As part of NASA’s continuing eﬀorts to engage the public throughout the SEIS process, we invite the surrounding community and stakeholders to attend one of the following public meetings regarding the Draft SEIS:
The meetings will be an open house format where the public will have the opportunity to view project display boards, interact with key NASA SSFL team members, and provide formal comments regarding the Draft SEIS in writing and/or orally to a court reporter. Meeting attendees are welcome to arrive and depart to this open house event at their convenience.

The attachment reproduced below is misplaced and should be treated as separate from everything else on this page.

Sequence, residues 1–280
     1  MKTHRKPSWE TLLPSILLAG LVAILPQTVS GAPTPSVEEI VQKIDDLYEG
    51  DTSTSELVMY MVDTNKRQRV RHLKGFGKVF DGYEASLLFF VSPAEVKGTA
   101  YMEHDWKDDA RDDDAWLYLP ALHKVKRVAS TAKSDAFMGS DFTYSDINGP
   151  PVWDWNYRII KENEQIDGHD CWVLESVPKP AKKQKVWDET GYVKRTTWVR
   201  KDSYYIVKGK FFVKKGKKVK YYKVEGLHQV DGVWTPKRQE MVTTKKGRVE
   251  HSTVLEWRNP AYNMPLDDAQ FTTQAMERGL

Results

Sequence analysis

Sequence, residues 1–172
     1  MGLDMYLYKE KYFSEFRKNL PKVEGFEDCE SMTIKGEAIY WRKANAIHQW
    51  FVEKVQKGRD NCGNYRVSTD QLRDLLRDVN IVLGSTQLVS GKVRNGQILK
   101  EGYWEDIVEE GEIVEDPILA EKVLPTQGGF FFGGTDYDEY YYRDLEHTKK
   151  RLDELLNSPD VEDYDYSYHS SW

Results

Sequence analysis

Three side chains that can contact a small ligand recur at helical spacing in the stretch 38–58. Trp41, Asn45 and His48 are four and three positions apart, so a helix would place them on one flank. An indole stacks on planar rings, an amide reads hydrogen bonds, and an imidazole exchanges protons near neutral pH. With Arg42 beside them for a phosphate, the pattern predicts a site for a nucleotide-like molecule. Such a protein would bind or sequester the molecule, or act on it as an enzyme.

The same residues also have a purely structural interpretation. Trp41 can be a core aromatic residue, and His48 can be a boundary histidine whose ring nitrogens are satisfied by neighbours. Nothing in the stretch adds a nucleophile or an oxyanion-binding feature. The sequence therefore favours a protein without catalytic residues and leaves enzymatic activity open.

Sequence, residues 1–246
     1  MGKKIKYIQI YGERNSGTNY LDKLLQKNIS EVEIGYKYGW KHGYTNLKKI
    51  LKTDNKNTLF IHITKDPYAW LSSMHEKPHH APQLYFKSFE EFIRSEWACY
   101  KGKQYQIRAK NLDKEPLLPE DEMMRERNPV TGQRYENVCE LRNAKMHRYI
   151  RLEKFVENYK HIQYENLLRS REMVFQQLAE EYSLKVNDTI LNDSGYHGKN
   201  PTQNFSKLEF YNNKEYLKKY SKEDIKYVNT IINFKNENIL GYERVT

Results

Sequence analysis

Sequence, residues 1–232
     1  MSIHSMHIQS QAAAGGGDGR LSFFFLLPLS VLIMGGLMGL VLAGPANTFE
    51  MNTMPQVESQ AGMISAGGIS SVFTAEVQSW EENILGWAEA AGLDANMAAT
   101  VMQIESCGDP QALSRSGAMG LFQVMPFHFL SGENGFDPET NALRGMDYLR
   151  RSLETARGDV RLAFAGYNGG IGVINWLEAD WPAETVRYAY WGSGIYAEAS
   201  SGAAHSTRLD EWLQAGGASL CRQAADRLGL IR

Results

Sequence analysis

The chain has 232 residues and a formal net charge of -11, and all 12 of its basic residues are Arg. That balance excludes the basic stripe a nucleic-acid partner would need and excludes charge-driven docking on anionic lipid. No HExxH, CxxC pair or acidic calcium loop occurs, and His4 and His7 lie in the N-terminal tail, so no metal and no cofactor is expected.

The comment period continues until December 9, 2019, and the public, including those unable to attend a public meeting, can submit formal comments via email to email@example.com or via mail to Peter Zorba, NASA SSFL Project Director, 5800 Woolsey Canyon Road, Canoga, Park, CA, 91304.
NASA has issued a Notice of Availability in the Federal Register for the Draft Supplemental Environmental Impact Statement (SEIS) that evaluates the impacts reasonable soil cleanup alternatives would have on the community and the natural and cultural resources found at SSFL. The Draft SEIS has been prepared because there are significant new circumstances relevant to environmental concerns since the original Environmental Impact Statement was published in 2014.
NASA has prepared a Fact Sheet for the Draft SEIS summarizing the purpose and need for a SEIS, the Alternatives evaluated, and a brief overview of the findings.